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[edit] Synonyms

Lovage is also called Bladder Seed, Cornish Lovage, Garden Lovage, Italian Lovage, Love Parsleyand Old English Lovage. In latin it is known as Levisticum officinale.

Related Species are Ligusticum monnieri or Masterwort or Porter's Lovage and Ligusticum scoticum or Scotch Lovage.

[edit] History

Lovage is variously said to be a native either of Persia or Liguria. It's cultivation is now widespread across Europe. Lovage is fragrant and has a taste that is very much like celery.

The leaves of the Lovage plant were said to have rejuvenative properties and was a remedy for footsore travellers who lined their shoes with them. There is also an old-fashioned though still marginally popular cordial that bears the same name which is flavoured with lovage, tansy and a variety of yarrow.

It was said to be an antiseptic and was used as such by the Greeks and the Romans.

[edit] Culinary usage

While the use of lovage is not widespread, it is used in England and Germany as both a herb and a vegetable.

The stems are blanched, boiled lightly or steamed and added thereafter to salads or served with a white sauce, (either bechamel, mornay or any other variation). Raw young stems are added to salads or eaten as such, before they become stringy. The stems are also candied like angelica stems, and used in confectionary.

The root is used either raw, pickled, preserved in honey or cooked. An infusion of the root may also be drunk. The root is sometimes dried and ground and the product used like celery salt.

The seeds are used in the baking of bread and sweet pastries. They also flavour to liqueurs and cordials. They can also be added toasted to salads or to rice or mashed potatoes. The seeds can also be pickled like capers in brine.

A modern form of an old-style cordial is made by steeping fresh Lovage seed in brandy, sweetening it with sugar and then drinking it to settle an empty stomach. It is also available off-the-shelf and has a delicious flavour. (http://www.thedrinkshop.com/products/nlpdetail.php?prodid=1010)

The [[leaves]] can be made like spinach, into a soup, used to flavourstock, stews and cheese. They can be added to salads like celery leaves. If used like a herb, they can be added to sauces as a flavouring.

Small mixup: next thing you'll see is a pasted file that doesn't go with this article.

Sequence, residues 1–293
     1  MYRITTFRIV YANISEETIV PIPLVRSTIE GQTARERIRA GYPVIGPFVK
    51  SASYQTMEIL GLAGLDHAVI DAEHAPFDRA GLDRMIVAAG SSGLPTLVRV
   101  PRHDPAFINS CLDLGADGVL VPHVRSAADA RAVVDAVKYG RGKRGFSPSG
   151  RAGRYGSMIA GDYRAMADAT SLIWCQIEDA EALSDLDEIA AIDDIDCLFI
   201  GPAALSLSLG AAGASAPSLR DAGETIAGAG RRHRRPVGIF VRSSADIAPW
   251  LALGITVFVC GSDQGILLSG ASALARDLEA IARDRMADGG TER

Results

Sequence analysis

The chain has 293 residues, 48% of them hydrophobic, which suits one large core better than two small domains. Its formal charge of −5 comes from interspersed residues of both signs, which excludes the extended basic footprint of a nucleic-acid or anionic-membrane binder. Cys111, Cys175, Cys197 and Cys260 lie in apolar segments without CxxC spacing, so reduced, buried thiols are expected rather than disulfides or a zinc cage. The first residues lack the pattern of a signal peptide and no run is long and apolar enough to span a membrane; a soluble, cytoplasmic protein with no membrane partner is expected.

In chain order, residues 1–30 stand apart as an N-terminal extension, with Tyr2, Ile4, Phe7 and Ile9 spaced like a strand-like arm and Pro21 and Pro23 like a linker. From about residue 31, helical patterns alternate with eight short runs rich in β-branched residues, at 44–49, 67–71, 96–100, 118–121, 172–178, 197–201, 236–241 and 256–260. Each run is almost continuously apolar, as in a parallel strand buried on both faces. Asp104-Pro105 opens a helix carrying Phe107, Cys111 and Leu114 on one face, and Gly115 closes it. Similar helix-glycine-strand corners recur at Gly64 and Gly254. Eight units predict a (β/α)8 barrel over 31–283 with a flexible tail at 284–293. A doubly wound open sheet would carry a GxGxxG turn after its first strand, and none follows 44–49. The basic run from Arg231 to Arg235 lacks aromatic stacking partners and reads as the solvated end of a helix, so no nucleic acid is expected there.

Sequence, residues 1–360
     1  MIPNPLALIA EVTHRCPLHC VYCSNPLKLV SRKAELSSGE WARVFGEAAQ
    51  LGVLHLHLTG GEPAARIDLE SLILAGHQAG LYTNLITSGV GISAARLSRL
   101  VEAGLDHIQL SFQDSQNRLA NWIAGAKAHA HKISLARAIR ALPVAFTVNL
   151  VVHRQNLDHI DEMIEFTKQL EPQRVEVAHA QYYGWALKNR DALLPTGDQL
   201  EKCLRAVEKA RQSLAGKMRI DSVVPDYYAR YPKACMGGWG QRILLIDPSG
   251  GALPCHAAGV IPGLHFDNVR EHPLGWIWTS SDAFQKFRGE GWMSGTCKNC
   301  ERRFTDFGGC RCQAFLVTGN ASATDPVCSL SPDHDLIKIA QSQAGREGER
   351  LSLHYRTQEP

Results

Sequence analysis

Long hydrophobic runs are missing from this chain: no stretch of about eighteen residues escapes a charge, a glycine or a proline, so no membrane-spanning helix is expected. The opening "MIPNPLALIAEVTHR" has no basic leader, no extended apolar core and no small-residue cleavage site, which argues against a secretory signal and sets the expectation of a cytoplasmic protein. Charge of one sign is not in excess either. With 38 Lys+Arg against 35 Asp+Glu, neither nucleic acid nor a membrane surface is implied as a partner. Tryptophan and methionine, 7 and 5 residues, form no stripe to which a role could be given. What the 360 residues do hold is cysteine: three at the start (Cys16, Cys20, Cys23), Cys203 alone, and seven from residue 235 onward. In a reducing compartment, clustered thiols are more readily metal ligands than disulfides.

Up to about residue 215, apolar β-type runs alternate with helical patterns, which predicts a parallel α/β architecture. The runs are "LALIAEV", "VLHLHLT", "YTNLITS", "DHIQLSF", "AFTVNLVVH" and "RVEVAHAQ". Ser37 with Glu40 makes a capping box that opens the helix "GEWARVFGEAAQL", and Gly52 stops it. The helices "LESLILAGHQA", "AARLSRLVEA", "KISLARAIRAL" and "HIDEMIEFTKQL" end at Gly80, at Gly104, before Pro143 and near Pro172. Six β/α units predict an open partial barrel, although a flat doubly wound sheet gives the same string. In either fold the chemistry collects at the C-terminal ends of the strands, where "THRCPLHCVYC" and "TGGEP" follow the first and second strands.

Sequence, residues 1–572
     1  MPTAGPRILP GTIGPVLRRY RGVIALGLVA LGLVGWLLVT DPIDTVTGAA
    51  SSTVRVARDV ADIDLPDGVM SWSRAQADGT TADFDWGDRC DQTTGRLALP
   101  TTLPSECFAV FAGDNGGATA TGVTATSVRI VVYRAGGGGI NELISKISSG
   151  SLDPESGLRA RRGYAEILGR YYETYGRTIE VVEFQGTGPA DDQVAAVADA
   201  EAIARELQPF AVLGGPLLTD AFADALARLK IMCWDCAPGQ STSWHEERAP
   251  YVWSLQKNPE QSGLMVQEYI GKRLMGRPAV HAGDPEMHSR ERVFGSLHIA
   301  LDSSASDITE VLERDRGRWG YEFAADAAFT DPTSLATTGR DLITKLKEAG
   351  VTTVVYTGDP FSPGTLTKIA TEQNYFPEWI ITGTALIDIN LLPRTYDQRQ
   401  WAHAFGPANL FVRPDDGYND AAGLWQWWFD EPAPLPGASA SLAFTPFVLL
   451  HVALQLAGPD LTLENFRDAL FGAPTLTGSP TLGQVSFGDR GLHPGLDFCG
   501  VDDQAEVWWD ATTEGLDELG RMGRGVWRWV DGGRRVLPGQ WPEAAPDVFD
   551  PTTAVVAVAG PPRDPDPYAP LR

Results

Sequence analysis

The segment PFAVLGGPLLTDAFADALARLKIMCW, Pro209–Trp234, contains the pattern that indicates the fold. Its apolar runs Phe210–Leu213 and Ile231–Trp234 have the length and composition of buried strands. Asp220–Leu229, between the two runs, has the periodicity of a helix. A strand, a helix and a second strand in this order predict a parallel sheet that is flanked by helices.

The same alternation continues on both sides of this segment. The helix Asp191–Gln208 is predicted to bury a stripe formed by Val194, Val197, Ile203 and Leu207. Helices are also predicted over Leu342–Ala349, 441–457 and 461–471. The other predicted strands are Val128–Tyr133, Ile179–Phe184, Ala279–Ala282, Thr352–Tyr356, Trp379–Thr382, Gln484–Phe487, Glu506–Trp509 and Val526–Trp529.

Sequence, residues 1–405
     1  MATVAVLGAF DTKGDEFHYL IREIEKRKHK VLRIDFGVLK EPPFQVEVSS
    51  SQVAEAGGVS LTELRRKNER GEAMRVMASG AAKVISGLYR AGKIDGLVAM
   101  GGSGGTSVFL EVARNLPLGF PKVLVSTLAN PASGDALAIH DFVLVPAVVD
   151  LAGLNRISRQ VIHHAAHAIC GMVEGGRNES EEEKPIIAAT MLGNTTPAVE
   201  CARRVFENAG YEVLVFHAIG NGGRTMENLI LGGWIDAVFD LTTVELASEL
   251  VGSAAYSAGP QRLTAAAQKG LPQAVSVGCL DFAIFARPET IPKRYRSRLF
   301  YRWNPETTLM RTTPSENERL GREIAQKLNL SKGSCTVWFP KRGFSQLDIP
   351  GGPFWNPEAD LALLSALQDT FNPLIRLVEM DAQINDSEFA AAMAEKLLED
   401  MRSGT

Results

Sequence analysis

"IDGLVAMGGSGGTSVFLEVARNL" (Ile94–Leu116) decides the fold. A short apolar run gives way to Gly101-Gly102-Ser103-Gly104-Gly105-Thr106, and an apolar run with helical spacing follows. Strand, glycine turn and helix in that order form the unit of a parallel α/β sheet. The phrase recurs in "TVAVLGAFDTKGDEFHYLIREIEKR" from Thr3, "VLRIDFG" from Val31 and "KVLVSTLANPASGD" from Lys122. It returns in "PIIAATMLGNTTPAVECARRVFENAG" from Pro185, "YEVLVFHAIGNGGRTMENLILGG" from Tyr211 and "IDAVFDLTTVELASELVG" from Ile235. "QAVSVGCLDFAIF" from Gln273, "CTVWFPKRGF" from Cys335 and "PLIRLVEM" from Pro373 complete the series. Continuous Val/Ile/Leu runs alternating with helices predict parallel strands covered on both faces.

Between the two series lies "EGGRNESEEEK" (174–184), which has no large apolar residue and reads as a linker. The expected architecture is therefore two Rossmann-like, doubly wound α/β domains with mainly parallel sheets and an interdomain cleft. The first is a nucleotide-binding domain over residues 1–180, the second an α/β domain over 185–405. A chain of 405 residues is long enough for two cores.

Lovage leaves can be substituted in any recipe for celery leaves in half the quantity of the celery leaves, since they have a much stronger flavour.

They also make an excellent infusion.

Flowers of lovage are both pretty and edible and can be used to decorate pastries, cakes and desserts.

Lovage is available both fresh and dried.

[edit] Therapeutic usage

An infusion of any part of the plant will act as a diuretic, remove excess water retention, assist in the removal of toxins, act as a deodoriser, and give some relief from rheumatism.

Lovage tea can be applied to wounds as an antiseptic, or drunk to stimulate digestion.

Lovage tea or infusion helps gastric disorders like colic and flatulence in children. It also causes perspiration and helps bring down fevers. It is also a good emmenagogue.

[edit] CAUTION

An infusion of Lovage should not be taken during pregnancy or by people with kidney problems.

[edit] Other uses

Lovage is an excellent companion plantand helps protect almost all plants from garden pests.

[edit] References

Larousse Gastronomique

The Book of Ingredients: Philip Dowell and Adrian Bailey; Penguin/ Mermaid Books 1993

The Complete Book of Herbs; A practical guide to growing and using herbs: Lesley Bremness: Dorling Kindersley 1988





--Radhikab70 03:07, 3 August 2007 (EDT)

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